Project Briefing?

Blog 5. January 2021
Project Briefing
Successful communication between clients and “creatives” relies on a clear briefing at the beginning of a project. A classic situation is this:

Client: I clearly asked for flowers!

Designer: But we gave them flowers!

Photographer: They defiantly asked for flowers!

During a briefing,
it is precisely determined which message is to be communicated about a project. In addition to the facts and figures, the visual language is also discussed. The “look and feel” of a project, so to speak. In the flower example it becomes clear that everyone involved has different imaginations. So if you don’t describe them in concrete terms, everyone will be disappointed in the end.
The non-verbal imagery within visual language is the most powerful. It speaks directly to human emotions. (By the way, music is another non-verbal language with direct access to us). Therefore, this should be specifically researched and discussed at the beginning of a project.
For everything that we visually perceive around us, we have certain experiences, ideas or emotions, shaped by society, culture or personal experiences. Even before we start reading a poster, we have a feeling about it, which encourages us to read or not. We are much faster in recognizing images than texts. Pictograms or emojis do not need any text and say so much!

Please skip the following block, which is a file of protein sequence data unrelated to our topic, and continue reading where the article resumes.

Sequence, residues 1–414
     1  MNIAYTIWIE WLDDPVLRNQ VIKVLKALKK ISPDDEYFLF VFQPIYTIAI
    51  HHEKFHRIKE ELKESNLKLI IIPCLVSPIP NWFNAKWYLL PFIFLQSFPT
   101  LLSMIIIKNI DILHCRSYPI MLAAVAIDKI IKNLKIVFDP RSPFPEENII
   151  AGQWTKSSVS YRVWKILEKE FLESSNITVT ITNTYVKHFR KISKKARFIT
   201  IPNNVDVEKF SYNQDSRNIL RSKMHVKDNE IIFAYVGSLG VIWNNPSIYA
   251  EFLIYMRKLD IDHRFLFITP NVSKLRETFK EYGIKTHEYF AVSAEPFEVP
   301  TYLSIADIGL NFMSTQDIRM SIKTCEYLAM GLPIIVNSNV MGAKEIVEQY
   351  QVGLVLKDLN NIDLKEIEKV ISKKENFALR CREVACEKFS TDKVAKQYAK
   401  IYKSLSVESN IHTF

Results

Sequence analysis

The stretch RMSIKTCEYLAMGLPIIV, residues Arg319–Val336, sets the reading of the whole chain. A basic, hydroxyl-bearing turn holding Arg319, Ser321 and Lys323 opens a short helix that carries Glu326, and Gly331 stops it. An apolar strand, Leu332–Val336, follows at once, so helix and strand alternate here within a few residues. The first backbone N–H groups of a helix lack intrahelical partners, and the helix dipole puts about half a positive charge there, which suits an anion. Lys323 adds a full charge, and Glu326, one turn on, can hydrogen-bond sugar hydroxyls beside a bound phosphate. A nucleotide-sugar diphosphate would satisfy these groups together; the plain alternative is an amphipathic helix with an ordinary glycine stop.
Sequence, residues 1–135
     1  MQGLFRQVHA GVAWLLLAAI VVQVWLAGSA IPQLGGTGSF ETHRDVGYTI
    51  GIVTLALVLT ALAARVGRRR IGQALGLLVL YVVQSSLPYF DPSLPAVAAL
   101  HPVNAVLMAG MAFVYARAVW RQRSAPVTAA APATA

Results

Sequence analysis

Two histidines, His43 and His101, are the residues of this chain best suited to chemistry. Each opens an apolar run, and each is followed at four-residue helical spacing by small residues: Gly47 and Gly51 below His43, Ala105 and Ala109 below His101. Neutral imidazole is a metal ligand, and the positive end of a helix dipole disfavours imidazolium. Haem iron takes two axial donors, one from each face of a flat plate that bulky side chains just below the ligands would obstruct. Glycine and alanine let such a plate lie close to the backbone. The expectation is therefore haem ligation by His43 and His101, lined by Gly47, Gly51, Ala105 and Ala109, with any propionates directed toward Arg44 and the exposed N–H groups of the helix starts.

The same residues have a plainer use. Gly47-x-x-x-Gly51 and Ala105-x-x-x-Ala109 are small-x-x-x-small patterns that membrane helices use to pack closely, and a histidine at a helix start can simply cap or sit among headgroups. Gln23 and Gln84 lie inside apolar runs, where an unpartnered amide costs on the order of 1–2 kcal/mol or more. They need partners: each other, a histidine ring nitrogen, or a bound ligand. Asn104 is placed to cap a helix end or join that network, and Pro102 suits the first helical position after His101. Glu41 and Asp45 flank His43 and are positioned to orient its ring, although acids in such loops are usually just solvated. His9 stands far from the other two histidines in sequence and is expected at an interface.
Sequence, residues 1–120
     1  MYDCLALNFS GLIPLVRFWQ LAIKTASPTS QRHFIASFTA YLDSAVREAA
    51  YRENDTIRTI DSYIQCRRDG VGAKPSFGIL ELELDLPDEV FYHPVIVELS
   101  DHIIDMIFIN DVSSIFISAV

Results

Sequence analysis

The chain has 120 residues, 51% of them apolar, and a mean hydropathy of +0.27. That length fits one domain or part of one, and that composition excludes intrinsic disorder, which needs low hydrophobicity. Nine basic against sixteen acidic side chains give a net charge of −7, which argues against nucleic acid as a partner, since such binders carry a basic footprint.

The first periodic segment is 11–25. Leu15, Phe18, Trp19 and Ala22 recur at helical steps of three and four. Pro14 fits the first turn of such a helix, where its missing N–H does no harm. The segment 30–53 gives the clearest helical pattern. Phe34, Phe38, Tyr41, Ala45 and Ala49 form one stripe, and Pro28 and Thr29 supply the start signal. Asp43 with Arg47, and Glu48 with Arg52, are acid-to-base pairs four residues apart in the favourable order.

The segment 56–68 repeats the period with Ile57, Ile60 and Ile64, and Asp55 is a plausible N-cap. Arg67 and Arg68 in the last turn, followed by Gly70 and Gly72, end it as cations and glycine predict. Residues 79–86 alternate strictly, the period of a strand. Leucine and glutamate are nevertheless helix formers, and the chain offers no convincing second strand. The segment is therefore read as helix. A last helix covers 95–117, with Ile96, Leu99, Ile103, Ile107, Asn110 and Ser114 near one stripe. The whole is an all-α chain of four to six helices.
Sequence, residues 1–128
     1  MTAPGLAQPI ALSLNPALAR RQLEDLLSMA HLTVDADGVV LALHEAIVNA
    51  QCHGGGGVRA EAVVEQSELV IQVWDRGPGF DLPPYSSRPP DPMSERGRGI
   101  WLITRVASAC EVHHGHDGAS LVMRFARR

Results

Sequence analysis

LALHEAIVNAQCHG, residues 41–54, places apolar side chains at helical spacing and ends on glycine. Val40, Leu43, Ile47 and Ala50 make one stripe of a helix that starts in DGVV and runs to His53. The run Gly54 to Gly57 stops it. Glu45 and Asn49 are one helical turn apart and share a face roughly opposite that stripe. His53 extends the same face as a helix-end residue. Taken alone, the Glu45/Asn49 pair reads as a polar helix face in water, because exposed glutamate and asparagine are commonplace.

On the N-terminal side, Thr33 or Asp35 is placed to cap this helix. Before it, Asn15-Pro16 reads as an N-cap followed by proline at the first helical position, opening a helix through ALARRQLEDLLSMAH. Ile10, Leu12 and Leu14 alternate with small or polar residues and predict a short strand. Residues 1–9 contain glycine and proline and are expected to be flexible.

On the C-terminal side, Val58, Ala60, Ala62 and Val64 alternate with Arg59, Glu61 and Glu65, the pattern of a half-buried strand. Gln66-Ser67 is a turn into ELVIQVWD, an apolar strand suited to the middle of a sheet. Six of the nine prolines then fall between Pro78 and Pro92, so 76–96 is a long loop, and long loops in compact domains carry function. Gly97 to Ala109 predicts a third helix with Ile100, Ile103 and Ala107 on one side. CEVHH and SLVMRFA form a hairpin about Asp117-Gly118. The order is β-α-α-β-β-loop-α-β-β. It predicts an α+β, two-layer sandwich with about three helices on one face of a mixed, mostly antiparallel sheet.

The more positive the feeling, the more likely we are to devote our attention to a topic, product, company or person. “Positive” alone, however, is not enough. The range of emotions to be awakened is wide. If you have won the attention of a viewer, you have to be able to hold it, meet expectations or build tension.
A designer has to deal with all of this information. Ask the right questions and implement them with the various tools. Which emotions do I arouse, which images and motifs do I play with, what symbolic power does my motif have, colors, proportions, texture, …
Of course, it’s not just up to the designer to manage this. The client has the answers to the questions. The better both sides can communicate with each other, the clearer the project briefing and the more specific the result.

Just one thing:
I often speak of an “authentic” visual language. By that I mean the consistency of the emotional and textual messages of a project. When the imagery is symbiotic with the meaning of the words. That doesn’t always mean that both have to have the same message. They can also complement each other. There is confusion when these two levels do not touch at all or when an emotion is generated that does not correspond to the “current state”! We all know that: we want to be different from what we are ; )